What does this grant mean for you and for your research?

This start-up grant is a fantastic opportunity for me and my team, and will lead to a better understanding of how our brains build internal models of other people’s mental states.

The first step will be to establish the research group and recruit a devoted team of people interested social cognition, brain imaging and autism. The years to come will be productive and lots of fun!

Who are you collaborating with in this project?

One proposed study will involve eye tracking measurements in one-year-old infants. For this study, I will collaborate with two developmental psychologists, Lauren Emberson at the University of British Columbia, Canada and with Naiqi Xiao, at McMaster University, Canada.

How can your research influence patient care and treatment? 

The ultimate goal of this project is to identify new diagnostic and therapeutic methods in autism. If successful, this project could lead to a new type of ‘mechanism-focused’ therapy to enhance social cognition in autism through cognitive training based on real-time brain imaging. 

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Jeroen Goos. Photo: MedTechLabs.se

Jeroen, tell us about your project?

My ultimate goal is to develop novel and effective nuclear medicine strategies for the treatment of patients with brain cancer. More specifically, we are developing a minimally invasive approach to deliver therapeutic radionuclides across the blood-brain barrier. For this, we are using a peptide from scorpion venom and a state-of-the-art antibody that is engineered to cross the blood-brain barrier to bind to tumour cells. As a next step, therapeutic radioligands are injected that rapidly react to the peptide or antibody at the tumour site. This results in local therapeutic irradiation of the cancer cells, without causing damage to healthy tissue.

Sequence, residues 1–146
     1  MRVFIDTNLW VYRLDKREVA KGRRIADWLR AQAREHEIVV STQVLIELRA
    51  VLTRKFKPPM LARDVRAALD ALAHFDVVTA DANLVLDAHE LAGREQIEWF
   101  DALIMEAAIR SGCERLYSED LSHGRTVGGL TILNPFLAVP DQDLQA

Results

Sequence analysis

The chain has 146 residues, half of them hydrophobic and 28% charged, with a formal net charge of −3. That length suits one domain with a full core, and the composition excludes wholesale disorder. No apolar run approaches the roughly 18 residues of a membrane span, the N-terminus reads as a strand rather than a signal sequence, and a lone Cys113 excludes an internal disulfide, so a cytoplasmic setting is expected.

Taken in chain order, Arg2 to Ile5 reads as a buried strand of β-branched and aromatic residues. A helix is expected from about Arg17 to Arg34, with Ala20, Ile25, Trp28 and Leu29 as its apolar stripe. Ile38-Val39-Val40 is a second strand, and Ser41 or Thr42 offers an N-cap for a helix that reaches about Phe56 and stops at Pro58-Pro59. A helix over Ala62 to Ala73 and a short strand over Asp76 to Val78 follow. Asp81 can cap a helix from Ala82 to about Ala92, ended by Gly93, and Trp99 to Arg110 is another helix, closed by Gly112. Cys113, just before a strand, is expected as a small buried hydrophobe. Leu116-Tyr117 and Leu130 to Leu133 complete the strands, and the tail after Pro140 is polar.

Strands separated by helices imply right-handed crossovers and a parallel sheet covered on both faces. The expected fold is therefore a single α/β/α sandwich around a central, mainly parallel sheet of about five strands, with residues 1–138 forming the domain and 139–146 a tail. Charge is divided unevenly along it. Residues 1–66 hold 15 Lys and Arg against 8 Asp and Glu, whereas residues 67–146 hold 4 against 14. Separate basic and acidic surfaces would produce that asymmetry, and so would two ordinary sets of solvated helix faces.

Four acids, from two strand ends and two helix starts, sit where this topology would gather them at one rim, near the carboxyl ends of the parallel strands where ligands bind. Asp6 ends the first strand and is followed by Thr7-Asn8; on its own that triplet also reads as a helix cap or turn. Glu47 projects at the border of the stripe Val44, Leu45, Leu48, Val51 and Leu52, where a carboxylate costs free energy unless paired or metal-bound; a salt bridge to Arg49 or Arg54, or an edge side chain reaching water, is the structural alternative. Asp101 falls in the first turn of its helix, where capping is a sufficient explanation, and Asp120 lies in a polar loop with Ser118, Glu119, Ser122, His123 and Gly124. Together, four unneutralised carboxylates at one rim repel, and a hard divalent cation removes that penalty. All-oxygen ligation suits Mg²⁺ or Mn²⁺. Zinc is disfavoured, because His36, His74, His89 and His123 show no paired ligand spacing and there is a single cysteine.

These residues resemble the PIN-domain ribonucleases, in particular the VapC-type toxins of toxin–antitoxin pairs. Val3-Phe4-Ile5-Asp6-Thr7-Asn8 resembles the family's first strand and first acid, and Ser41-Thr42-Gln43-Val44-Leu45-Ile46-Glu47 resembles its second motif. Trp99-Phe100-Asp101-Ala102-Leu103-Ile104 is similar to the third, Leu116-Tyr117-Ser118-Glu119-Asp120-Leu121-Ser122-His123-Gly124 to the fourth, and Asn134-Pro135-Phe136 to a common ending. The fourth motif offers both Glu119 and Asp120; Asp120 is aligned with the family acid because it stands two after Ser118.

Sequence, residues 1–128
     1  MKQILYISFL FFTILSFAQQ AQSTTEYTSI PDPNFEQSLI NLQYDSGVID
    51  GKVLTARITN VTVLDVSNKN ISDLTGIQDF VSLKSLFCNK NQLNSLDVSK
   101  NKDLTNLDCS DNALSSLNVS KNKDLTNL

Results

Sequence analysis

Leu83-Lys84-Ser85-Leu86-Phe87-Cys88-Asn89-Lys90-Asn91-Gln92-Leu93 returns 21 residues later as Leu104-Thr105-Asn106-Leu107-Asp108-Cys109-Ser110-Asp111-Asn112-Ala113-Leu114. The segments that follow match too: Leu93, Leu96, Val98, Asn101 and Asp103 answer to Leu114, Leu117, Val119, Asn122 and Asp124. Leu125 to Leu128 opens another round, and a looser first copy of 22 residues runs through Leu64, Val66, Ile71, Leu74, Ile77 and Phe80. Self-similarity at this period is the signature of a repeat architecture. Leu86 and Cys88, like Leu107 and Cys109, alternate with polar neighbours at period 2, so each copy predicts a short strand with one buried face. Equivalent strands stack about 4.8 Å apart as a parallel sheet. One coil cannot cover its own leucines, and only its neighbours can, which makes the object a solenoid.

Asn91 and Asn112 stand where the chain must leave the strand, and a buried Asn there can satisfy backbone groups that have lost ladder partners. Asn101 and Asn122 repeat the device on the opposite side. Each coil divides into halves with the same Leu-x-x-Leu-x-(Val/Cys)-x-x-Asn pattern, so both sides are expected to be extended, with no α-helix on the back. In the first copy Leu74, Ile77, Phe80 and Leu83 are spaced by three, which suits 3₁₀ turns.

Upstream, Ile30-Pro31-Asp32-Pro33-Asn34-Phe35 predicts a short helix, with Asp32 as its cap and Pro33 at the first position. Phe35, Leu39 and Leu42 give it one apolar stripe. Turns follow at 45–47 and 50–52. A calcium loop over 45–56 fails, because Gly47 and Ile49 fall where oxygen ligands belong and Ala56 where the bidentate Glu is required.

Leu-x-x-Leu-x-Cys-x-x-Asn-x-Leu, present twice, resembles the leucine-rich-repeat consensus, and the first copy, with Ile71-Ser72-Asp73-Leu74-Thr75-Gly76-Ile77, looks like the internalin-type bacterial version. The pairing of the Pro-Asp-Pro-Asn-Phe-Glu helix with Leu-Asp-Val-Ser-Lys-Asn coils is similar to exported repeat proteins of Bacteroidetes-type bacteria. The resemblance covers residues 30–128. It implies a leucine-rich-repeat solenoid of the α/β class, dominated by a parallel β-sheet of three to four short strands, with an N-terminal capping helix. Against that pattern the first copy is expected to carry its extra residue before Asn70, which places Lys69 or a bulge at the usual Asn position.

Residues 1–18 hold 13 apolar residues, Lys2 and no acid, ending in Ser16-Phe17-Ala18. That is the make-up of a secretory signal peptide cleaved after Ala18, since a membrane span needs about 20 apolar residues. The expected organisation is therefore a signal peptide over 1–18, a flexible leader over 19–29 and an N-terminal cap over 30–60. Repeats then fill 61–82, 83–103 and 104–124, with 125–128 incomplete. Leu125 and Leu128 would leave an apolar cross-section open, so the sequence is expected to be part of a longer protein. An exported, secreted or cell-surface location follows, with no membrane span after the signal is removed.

What does this grant mean for you and for your research?

This grant will help me to establish my own, independent research group at KI and will elevate our experimental approach. With this generous contribution from StratNeuro we will be able to provide proof-of-concept in innovative three-dimensional cell models and in cutting-edge murine brain cancer models.

On top of that, being awarded this grant confirms that we are on the right track with our research. Preliminary results obtained within this grant will hopefully help with securing additional funding in the future to continue our work.

Is there anyone else involved in the project?

Yes, this work is being made possible with the help of my great collaborators! In particular, Staffan Holmin and Thuy Tran from KaroIinska Institutet, as well as Fredrik Swartling and Greta Hultqvist from Uppsala University.

How can your research influence patient care and treatment? 

If successful, our approach might reduce the need for invasive, risky surgical interventions in the future. The biggest impact, however, would be the prolonged survival and successful treatment of patients with brain cancer, with minimal side effects and a high expected quality of life.